Here at Cactus Australia, we will alternate usage depending on the context. If we are talking about a plant that is mostly known to Trichocereus collectors we may use that term, such as Trichocereus taquimbalensis. But if we are talking from a botanical perspective we may use Echinopsis.
A Contested Genus
In the years that followed there have been several criticisms of this taxonomy change. Supporters of the Trichocereus classification argue that columnar cactus should not be lumped into the same genus as the small, clumping species that Echinopsis is typically known for. There are concerns that by having a genus so large it loses the very purpose of taxonomy in the first place, in that it does not clearly communicate commonalities in the species that belong to it.
Several groups of molecular biology researchers continue to this day to explore the differences between these species to try and present a scientific justification for reclassifying the columnar varieties back into Trichocereus or another distinct genus.
The reclassification also caused some naming clashes. Prior to the merge Echinopsis bridgesii and Trichocereus bridgesii were both classified as distinct species. So when Trichocereus bridgesii had to be reclassified it had to take on an entirely new name, which is why it is now called Echinopsis lageniformis.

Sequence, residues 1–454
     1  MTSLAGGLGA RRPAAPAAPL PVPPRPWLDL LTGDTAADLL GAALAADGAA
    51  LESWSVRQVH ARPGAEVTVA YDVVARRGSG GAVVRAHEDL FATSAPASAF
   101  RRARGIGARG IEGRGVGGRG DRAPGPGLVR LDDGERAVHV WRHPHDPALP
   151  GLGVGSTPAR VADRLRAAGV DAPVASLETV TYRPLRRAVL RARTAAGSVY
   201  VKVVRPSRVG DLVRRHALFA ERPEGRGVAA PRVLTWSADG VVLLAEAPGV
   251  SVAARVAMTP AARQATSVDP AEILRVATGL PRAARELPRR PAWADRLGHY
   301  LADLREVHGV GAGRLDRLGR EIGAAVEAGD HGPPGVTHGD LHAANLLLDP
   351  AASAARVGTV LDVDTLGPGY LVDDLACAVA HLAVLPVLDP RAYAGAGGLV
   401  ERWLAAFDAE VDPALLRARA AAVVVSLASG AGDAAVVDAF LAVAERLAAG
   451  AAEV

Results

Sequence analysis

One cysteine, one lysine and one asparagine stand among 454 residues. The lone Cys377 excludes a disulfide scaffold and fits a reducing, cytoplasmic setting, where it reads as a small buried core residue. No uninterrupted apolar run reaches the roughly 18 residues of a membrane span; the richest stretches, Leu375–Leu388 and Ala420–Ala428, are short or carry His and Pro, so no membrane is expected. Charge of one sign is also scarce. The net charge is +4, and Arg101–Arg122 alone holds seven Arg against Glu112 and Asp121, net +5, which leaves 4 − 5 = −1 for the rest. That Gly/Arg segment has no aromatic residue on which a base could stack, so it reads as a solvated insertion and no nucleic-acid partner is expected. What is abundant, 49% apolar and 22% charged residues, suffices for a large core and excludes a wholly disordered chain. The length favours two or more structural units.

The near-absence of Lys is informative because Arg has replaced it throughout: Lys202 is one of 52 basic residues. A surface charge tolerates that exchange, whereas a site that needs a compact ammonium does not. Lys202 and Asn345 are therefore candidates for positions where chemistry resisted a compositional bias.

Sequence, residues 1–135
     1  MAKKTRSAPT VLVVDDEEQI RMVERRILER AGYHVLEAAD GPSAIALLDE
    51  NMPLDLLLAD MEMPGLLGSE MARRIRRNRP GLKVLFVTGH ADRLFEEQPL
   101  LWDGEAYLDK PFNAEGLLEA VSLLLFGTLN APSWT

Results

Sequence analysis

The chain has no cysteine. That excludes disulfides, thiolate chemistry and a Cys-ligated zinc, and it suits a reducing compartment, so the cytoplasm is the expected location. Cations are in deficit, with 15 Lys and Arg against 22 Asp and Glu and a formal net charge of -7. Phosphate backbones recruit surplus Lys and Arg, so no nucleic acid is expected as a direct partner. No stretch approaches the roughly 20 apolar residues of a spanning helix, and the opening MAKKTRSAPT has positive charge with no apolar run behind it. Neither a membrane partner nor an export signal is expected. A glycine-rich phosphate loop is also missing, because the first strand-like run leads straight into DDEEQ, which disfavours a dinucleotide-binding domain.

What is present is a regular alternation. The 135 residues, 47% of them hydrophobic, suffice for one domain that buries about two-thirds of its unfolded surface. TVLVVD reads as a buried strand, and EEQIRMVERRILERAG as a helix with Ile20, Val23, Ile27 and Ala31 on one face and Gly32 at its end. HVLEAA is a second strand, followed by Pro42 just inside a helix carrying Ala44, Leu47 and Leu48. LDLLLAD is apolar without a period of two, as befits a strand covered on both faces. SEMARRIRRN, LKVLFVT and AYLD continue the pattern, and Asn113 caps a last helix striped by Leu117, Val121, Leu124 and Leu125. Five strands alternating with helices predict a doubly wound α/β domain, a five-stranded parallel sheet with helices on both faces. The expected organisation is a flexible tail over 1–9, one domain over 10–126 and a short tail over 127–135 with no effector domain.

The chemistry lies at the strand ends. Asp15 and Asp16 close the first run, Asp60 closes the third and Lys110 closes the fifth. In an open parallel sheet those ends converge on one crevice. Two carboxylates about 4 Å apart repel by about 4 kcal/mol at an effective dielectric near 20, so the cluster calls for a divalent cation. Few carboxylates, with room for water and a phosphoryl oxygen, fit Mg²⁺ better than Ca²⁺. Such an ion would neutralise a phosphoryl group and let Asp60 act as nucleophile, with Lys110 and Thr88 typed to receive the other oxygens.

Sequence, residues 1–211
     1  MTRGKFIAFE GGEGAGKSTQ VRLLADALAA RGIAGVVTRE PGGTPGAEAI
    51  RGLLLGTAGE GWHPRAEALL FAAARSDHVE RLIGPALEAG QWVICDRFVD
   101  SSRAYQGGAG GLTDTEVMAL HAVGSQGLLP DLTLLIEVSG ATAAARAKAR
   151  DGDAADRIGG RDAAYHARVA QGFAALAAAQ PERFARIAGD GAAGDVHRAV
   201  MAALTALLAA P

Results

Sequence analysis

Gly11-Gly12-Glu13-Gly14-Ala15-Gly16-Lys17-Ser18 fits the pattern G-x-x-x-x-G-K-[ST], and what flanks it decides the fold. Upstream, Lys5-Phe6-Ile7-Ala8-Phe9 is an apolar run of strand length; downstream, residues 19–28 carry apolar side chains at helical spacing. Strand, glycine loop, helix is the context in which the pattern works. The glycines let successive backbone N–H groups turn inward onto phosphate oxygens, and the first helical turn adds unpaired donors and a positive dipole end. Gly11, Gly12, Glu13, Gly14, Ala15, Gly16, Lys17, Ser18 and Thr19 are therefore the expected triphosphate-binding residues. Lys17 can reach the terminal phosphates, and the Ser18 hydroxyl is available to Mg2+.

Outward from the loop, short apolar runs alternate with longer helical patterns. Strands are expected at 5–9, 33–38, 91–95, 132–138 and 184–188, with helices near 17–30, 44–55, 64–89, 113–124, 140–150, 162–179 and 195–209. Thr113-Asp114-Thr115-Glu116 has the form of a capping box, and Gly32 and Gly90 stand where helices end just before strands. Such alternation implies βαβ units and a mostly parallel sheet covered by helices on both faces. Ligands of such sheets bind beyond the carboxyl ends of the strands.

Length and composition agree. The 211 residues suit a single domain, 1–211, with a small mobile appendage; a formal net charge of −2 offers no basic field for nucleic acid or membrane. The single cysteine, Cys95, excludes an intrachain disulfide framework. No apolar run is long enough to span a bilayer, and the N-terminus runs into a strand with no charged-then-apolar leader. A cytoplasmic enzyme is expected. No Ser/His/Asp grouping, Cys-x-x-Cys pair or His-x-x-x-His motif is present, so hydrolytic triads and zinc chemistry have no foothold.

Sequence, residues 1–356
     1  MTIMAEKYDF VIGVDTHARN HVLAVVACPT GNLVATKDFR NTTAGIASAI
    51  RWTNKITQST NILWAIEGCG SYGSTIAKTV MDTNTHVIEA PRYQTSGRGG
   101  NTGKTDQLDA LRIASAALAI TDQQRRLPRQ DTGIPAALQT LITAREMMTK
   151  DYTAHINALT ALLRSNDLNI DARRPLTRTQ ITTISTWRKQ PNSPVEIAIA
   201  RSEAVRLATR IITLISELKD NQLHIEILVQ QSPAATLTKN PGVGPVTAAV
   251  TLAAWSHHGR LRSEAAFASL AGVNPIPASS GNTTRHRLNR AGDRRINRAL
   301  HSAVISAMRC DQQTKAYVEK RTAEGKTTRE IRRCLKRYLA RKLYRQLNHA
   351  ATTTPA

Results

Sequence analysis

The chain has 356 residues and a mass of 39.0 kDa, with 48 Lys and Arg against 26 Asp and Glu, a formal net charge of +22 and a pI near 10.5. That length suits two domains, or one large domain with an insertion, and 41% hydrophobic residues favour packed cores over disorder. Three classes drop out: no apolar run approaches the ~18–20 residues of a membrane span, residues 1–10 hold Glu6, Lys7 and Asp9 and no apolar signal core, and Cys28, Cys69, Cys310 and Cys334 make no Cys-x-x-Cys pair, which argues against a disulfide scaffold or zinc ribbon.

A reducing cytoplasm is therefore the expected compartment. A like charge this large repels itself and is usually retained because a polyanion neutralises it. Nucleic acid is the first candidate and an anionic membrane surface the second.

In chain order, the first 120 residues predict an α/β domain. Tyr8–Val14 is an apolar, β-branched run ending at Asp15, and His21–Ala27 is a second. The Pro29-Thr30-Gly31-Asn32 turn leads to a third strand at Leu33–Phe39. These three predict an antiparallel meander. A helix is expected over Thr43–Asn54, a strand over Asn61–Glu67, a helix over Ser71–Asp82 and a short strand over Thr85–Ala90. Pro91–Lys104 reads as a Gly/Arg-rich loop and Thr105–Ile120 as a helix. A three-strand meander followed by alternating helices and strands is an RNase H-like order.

So what’s right?
Scientifically speaking, the correct name for the genus is Echinopsis. Or more specifically, the current consensus amongst influential botanists is that the correct genus is Echinopsis but this may very well change in the coming years. Some die-hard cactus lovers are quite passionate about the topic and will insist on one usage, other people don’t mind. You can generally use either and convey that you are speaking about the same plant species, except for in the case of Bridgesii as previously mentioned